form. In judging of the religious types of regeneration which we
are about to study, it is important to recognize that
they are only one species of a genus that contains other
types as well. For
example, the new birth may be away from religion into
incredulity; or it may be from moral scrupulosity into
freedom and license; or it may be produced by the irruption
into the individual's life of some new stimulus or passion,
such as love, ambition, cupidity, revenge, or patriotic
all these instances we have precisely the same psychological
form of event,--a firmness, stability, and equilibrium
<173> succeeding a period of storm and stress and
these non-religious cases the new man may also be born
either gradually or suddenly.
French philosopher Jouffroy has left an eloquent memorial
of his own "counter-conversion," as the transition
from orthodoxy to infidelity has been well styled by Mr.
doubts had long harassed him; but he dates his final crisis
from a certain night when his disbelief grew fixed and
stable, and where the immediate result was sadness at
the illusions he had lost.
shall never forget that night of December," writes
Jouffroy, "in which the veil that concealed from
me my own incredulity was torn.
I hear again my steps in that narrow naked chamber
where long after the hour of sleep had come I had the
habit of walking up and down.
I see again that moon, half-veiled by clouds, which
now and again illuminated the frigid window-panes.
The hours of the night flowed on and I did not
note their passage.
Anxiously I followed my thoughts, as from layer
to layer they descended towards the foundation of my consciousness,
and, scattering one by one all the illusions which until
then had screened its windings from my view, made them
every moment more clearly visible.
I clung to these last beliefs as a shipwrecked sailor
clings to the fragments of his vessel; vainly, frightened
at the unknown void in which I was about to float, I turned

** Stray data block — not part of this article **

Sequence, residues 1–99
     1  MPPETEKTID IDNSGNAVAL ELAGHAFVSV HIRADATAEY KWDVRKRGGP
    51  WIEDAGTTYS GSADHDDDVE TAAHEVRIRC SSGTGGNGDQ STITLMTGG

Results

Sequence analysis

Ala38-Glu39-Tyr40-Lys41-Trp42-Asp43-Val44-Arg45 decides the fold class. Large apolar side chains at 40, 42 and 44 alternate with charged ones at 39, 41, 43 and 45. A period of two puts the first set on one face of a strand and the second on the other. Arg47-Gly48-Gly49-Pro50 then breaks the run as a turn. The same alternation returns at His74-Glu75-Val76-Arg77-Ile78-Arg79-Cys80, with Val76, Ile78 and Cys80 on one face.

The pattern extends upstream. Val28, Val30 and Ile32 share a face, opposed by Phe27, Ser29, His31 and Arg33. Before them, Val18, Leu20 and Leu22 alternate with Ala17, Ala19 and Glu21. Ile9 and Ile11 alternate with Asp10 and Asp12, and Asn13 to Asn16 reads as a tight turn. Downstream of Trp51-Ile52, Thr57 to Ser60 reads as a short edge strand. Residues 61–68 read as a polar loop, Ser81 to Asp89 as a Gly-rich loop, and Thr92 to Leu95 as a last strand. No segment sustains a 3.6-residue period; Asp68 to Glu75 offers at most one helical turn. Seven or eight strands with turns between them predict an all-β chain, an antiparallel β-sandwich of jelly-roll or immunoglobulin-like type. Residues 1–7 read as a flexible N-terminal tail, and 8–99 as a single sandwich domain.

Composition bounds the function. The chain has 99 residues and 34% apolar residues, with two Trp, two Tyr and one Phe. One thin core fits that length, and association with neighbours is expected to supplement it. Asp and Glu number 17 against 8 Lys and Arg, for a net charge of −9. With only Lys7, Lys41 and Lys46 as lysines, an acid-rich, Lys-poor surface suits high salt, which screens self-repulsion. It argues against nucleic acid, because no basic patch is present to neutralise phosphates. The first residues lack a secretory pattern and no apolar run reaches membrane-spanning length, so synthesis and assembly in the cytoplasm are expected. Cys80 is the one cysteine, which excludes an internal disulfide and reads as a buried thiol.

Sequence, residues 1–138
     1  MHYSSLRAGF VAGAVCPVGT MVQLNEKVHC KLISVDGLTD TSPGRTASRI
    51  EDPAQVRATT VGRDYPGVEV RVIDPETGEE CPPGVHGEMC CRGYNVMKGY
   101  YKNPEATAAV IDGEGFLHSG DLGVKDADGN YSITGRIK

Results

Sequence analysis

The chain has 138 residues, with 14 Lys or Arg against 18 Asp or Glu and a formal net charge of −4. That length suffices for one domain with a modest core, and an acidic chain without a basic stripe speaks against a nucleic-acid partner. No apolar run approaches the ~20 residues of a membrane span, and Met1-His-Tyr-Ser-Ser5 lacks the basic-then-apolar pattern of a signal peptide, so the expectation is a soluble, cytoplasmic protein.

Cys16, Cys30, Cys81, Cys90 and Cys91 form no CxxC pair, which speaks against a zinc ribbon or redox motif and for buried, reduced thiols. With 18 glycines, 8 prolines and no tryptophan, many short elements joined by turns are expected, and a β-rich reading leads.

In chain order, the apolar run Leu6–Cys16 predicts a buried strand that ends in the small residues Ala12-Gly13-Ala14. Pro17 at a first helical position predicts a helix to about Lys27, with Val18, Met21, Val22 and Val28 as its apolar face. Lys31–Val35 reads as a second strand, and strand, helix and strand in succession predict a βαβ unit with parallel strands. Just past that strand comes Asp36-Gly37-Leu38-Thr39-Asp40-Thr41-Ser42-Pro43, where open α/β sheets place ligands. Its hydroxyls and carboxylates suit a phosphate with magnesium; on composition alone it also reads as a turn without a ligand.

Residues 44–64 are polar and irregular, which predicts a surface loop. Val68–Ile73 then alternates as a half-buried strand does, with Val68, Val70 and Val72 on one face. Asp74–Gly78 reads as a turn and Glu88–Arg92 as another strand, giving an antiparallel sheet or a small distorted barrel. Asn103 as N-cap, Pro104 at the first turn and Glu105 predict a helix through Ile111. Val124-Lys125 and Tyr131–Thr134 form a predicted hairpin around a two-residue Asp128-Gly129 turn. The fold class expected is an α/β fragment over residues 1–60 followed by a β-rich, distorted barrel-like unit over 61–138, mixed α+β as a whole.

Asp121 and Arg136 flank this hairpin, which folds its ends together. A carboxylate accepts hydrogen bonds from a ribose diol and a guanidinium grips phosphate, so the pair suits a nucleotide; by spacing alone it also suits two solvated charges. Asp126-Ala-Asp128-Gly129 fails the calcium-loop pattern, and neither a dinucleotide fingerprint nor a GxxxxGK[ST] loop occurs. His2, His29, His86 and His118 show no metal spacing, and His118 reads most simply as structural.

with them towards my childhood, my family, my country,
all that was dear and sacred to me:
the inflexible current of my thought was too strong--parents,
family, memory, beliefs, it forced me to let go of everything.
The investigation went on more obstinate and more
severe as it drew near its term, and did not stop until
the end was reached. I knew then that in the depth of my mind nothing was left that
moment was a frightful one; and when towards morning I
threw myself exhausted on my bed, I seemed to feel my
earlier life, so smiling and so full, go out like a fire,
and before me another life opened, sombre and unpeopled,
where in future I must live alone, alone with my fatal
thought which had exiled me thither, and which I was tempted
to curse. The
days which followed this discovery were the saddest of
Th. Jouffroy: Nouveaux Melanges philosophiques, 2me edition, p. 83.
I add two other cases of counter-conversion dating
from a certain moment.
The first is from Professor Starbuck's manuscript
collection, and the narrator is a woman.
down in the bottom of my heart, I believe I was always
more or less skeptical about 'God;' skepticism grew as
an undercurrent, all through my early youth, but it was
controlled and covered by the emotional elements in my
When I was sixteen I joined the church and was
asked if I loved God.
I replied 'Yes,' as was customary and expected.
But instantly with a flash something spoke within
me, 'No, you do not.'
I was haunted for a long time with shame and remorse
for my falsehood and for my wickedness in not loving God,
mingled with fear that there might be an avenging God
who would punish me in some terrible way. . . . At nineteen,
I had an attack of tonsilitis.
Before I had quite recovered, I heard told a story
of a brute who had kicked his wife down-stairs, and then
continued the operation until she became insensible.
I felt the horror of the thing keenly.
Instantly this thought flashed through my mind:
'I have no use for a God who permits such things.'
This experience was followed by months of stoical
indifference to the God of my previous life, mingled with
feelings of positive dislike and a somewhat proud defiance
of him. I
still thought there might be a God.
If so he would probably damn me, but I should have
to stand it. I
felt very little fear and no desire to propitiate him.
I have never had any personal relations with him
since this painful experience."
second case exemplifies how small an additional stimulus
will overthrow the mind into a new state of equilibrium
when the process of preparation and incubation has proceeded
far enough. It
is like the proverbial last straw added to the camel's
burden, or that touch of a needle which makes the salt
in a supersaturated fluid suddenly begin to crystallize
a frank and intelligent man, told me as follows how he